The water pressure at RV parks and campgrounds can be unreliable. If the pressure is too high, it can damage the interior plumbing of your rig. An adjustable regulator ensures that the incoming pressure meets your RV manufacturer’s specifications.

Category: Sewer (3 Items)

Sewer Hose

You’re going to need a sewer hose to allow waste and dirty water to flow out of your RV. This is not an area to be cheap. Purchase a quality hose and replace it at any sign of wear or aging to avoid messy accidents.

Clear Sewer Hose Connector

Some sewer hoses come with a clear elbow at the end, but many do not. It may sound offensive to view the sewage running out of the RV, but doing so can avoid a potential accident if the hose becomes clogged. Seeing the water turn clear and stop flowing after properly flushing out the hose also confirms that the hose is ready for removal.

Disposable Gloves

Bacteria and other microbes are all over sewer hoses. Avoid germs that can make you sick by wearing gloves whenever handling hoses and connectors. Even after using gloves, remember to wash your hands thoroughly.

Category: Electrical (4 Items)

Surge Protector

RV parks and campgrounds in rural areas may not be on reliable power grids. RV batteries and power inverters are very expensive to replace. Lessen the chance of dirty power damaging your electronics by using a surge protector.

Shore Power Cable

One would think that every RV would ship with a power cord to connect the unit to shore power, but that’s not always true. You’ll need a shore power cable to hook up to campground electric. Doing so will allow you to charge your batteries and operate your RV without your generator.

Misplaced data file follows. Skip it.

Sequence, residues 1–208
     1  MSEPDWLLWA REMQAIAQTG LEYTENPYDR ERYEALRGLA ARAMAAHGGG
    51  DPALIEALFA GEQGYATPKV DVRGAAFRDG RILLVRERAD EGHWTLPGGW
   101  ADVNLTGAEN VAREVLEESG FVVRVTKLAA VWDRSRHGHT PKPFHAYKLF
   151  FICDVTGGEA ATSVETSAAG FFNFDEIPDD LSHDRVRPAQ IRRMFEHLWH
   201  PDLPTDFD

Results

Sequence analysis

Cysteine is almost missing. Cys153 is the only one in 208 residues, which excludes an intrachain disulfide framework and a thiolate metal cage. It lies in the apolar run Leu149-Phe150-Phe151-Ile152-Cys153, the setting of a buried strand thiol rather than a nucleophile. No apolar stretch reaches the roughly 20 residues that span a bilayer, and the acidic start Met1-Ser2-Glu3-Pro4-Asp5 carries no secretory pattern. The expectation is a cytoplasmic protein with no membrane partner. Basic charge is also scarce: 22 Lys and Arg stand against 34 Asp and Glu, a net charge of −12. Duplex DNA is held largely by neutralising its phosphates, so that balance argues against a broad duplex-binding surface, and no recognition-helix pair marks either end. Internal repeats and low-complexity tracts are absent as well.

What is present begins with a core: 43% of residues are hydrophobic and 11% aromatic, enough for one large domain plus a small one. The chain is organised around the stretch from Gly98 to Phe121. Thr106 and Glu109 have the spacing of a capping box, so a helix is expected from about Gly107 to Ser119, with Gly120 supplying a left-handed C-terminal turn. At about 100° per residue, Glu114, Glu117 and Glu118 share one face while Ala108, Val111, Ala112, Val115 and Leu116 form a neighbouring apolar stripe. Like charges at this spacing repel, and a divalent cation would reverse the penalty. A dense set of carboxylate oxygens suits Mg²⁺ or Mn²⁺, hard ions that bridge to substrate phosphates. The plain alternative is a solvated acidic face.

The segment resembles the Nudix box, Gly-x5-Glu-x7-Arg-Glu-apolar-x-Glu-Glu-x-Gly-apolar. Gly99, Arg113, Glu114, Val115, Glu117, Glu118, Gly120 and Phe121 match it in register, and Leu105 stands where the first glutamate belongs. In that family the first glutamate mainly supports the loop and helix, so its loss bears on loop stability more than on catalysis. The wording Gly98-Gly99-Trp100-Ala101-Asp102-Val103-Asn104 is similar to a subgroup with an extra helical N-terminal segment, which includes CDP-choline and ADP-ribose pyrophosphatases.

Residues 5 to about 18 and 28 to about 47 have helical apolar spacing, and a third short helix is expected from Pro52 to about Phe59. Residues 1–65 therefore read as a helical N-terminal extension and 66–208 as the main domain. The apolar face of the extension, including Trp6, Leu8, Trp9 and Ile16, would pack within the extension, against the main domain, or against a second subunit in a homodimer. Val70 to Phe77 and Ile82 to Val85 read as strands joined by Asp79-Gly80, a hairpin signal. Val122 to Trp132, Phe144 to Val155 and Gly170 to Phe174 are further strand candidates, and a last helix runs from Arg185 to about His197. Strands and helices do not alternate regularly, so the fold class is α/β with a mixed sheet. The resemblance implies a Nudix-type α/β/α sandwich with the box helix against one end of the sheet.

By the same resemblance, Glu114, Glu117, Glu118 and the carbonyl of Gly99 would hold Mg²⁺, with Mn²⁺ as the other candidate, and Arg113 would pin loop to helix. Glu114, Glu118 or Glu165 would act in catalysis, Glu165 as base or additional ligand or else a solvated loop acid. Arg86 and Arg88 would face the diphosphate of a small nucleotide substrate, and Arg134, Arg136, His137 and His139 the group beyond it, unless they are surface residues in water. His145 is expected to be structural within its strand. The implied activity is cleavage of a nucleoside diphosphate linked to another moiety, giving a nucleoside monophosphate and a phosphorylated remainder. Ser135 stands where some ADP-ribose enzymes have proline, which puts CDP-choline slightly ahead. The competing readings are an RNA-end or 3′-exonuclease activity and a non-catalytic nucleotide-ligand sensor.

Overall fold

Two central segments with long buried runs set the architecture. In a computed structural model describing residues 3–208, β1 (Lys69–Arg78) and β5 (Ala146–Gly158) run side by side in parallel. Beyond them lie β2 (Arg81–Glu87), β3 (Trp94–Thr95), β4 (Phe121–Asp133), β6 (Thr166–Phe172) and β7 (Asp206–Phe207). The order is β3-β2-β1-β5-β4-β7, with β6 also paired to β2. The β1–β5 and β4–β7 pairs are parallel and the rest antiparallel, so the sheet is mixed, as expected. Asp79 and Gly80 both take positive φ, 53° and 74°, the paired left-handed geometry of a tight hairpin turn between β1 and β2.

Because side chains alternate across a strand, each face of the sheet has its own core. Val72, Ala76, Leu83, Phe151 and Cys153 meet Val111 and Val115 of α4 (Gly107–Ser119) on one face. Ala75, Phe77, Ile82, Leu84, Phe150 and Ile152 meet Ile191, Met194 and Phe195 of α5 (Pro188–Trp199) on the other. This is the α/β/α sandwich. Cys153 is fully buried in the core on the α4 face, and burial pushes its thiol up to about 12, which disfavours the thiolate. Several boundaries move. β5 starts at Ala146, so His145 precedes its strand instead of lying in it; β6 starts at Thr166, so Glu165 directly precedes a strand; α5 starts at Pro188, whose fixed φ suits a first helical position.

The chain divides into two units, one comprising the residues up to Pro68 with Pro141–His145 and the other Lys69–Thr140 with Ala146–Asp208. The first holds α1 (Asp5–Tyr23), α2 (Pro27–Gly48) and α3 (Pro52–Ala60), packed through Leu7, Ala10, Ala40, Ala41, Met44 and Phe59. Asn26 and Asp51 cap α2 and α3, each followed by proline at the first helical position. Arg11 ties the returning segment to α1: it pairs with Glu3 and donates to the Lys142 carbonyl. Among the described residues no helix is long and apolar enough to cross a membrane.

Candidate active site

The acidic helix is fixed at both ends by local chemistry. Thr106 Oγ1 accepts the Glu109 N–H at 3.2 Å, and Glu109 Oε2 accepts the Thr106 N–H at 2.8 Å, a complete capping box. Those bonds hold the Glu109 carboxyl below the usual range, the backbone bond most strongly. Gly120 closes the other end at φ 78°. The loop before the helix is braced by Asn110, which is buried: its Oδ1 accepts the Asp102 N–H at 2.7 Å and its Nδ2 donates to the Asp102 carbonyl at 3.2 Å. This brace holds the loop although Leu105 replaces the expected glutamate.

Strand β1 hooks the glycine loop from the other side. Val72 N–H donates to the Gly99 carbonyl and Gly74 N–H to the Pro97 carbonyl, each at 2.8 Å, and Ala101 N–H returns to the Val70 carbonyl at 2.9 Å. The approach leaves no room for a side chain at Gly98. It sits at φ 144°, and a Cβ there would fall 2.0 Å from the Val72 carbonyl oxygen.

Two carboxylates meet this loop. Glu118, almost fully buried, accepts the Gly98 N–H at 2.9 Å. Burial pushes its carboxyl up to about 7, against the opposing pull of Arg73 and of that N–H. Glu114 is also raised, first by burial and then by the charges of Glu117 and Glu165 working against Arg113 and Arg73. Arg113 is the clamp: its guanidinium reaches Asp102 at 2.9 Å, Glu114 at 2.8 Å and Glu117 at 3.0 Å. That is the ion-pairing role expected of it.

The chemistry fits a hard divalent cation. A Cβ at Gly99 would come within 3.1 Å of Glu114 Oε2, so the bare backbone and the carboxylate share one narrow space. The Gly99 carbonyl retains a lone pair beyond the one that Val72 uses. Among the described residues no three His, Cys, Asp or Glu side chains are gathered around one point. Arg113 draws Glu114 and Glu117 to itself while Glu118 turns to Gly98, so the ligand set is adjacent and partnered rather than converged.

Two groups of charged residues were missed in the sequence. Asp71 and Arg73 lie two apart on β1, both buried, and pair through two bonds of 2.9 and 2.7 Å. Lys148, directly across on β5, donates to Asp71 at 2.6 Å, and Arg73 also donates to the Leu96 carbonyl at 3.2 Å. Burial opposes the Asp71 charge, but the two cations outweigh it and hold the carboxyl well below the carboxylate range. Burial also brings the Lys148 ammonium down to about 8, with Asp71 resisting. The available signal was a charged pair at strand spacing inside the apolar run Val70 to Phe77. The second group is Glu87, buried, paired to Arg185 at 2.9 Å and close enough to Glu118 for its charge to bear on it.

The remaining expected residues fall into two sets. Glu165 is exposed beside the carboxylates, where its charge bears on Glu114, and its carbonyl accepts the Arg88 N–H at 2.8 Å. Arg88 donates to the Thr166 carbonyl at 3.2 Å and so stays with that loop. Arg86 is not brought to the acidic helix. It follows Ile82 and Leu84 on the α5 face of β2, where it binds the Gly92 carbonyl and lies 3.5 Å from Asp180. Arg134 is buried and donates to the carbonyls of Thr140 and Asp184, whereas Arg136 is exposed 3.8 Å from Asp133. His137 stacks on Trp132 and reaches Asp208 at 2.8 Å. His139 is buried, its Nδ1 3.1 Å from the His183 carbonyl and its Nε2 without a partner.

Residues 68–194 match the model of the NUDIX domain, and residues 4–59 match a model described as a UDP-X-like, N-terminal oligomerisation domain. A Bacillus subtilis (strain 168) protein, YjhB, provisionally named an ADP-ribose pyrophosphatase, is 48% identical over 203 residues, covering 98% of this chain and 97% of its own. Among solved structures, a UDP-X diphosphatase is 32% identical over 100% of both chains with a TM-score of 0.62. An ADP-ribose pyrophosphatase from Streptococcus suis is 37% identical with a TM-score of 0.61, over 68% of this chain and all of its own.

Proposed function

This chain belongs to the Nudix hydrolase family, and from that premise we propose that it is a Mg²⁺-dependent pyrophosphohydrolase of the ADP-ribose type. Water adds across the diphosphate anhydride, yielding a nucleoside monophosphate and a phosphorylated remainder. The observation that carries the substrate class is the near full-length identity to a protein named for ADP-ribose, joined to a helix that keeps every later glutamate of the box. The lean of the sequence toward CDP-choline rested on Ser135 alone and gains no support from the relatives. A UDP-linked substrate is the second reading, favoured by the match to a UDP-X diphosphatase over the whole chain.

Shore Power Adapters

No matter what amperage your RV typically requires, you will need a power adapter. Some RV sites will only have a single receptacle available. Be sure you have adapters that provide the ability to connect to 50 amp, 30 amp, and even 15 amp power outlets.

Fuse Kit

Many new rigs use circuit breakers for the electrical system, but others use fuses. A blown fuse can result in anything from an inoperable light to disabling essential systems in your rig. Fuses are small and relatively inexpensive items to have on hand.

Category: Bath (3 Items)

RV Toilet Paper

You shouldn’t use traditional, everyday toilet paper in your RV. Toilet paper designed for use in homes can cause clogging of both your RV’s system and the campground’s septic system. Purchase toilet paper labeled as RV toilet paper and as quick-dissolving.

Holding Tank Treatment

RV engineers try to do their best to ensure proper venting and proper sealing of gases from your RV holding tanks. Sometimes those systems do not work as well as one would hope. A biodegradable holding tank treatment will help keep unappealing odors from creeping into your living space.